The operator of Japan’s destroyed Fukushima nuclear power plant, Tokyo Electric Power (Tepco), has submitted plans to the country’s nuclear regulators to release contaminated water from the site into the sea.
According to Reuters, Tepco proposes to discharge the water via pumps and and underwater tunnels to a location about 1km offshore.
Tepco will process the water first to remove radioactive contamination, except for tritium, which cannot be removed.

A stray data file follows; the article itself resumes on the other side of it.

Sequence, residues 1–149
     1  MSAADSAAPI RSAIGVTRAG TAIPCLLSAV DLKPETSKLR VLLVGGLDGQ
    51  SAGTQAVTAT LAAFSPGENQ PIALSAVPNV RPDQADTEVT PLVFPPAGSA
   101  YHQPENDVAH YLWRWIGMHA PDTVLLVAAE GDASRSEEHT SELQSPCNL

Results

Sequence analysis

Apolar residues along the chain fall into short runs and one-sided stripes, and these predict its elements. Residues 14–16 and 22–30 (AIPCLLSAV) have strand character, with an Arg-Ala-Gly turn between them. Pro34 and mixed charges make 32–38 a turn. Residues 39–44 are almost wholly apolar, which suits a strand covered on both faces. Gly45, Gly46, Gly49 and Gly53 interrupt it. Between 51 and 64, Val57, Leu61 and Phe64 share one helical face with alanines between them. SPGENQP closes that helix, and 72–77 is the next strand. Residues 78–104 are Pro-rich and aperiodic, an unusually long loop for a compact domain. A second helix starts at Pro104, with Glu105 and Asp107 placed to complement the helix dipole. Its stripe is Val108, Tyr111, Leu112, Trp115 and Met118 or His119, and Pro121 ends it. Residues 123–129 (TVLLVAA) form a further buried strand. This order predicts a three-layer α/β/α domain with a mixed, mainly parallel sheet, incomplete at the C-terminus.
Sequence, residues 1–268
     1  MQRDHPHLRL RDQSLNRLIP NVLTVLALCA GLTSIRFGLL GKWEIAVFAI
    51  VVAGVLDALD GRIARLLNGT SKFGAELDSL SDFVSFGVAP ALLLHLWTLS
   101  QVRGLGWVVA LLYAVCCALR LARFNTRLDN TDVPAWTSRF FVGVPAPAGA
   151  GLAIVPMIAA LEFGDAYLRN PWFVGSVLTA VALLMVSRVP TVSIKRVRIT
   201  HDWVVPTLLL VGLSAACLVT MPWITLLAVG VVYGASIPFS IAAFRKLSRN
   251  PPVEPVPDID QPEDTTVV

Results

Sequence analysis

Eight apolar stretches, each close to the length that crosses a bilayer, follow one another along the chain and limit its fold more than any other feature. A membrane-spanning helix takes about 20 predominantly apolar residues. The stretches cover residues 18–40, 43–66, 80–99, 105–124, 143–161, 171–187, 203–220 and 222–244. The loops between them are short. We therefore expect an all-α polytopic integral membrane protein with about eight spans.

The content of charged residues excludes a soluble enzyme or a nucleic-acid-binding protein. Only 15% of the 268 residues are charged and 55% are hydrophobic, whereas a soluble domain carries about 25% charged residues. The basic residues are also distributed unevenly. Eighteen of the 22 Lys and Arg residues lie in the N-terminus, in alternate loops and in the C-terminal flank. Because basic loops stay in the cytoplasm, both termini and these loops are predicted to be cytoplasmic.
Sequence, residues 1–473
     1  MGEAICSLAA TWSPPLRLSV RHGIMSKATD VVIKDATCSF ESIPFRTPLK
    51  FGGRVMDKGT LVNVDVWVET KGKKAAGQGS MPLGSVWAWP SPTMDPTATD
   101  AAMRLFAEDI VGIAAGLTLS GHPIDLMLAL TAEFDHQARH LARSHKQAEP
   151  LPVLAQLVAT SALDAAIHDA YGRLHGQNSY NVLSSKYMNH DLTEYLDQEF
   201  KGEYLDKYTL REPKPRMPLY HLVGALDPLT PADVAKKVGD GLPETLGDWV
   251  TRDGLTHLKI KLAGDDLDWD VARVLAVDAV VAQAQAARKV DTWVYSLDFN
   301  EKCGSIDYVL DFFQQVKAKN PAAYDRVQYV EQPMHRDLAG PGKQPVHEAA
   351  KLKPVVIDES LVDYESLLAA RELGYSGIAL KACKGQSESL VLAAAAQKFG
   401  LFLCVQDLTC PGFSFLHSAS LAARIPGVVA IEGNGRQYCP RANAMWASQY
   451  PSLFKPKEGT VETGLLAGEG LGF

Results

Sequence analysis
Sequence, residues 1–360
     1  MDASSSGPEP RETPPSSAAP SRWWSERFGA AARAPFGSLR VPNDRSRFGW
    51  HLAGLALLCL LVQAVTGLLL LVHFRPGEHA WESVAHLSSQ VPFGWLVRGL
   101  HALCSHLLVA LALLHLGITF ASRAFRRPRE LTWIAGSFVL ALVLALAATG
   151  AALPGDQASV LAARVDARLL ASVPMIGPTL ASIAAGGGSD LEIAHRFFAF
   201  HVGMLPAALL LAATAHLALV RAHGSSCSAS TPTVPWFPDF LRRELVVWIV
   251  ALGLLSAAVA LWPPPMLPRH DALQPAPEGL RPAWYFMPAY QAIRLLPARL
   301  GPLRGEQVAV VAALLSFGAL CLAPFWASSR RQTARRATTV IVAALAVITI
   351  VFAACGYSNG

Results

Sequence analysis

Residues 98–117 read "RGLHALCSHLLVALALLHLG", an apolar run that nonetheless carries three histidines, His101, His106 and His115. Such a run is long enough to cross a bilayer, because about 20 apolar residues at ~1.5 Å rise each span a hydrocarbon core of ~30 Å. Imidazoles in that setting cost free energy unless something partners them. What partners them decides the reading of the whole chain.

Nearly 1.3 million tonnes of contaminated water have accumulated at the site – enough to fill 500 Olympic swimming pools.
The water has built up over the past ten years, after the site was ravaged by an earthquake and tsunami – causing the world’s worst nuclear disaster since Chernobyl.
Currently, the water is stored in huge tanks at an annual cost of around $880m, and space is running out.
Although international authorities support the water discharge effort, the plans do have raised concern from neighbours China and South Korea and worried both local farmers and the fishing industry.
The operator will continue to discuss the issue with residents and others before construction, set to start in the middle of next year.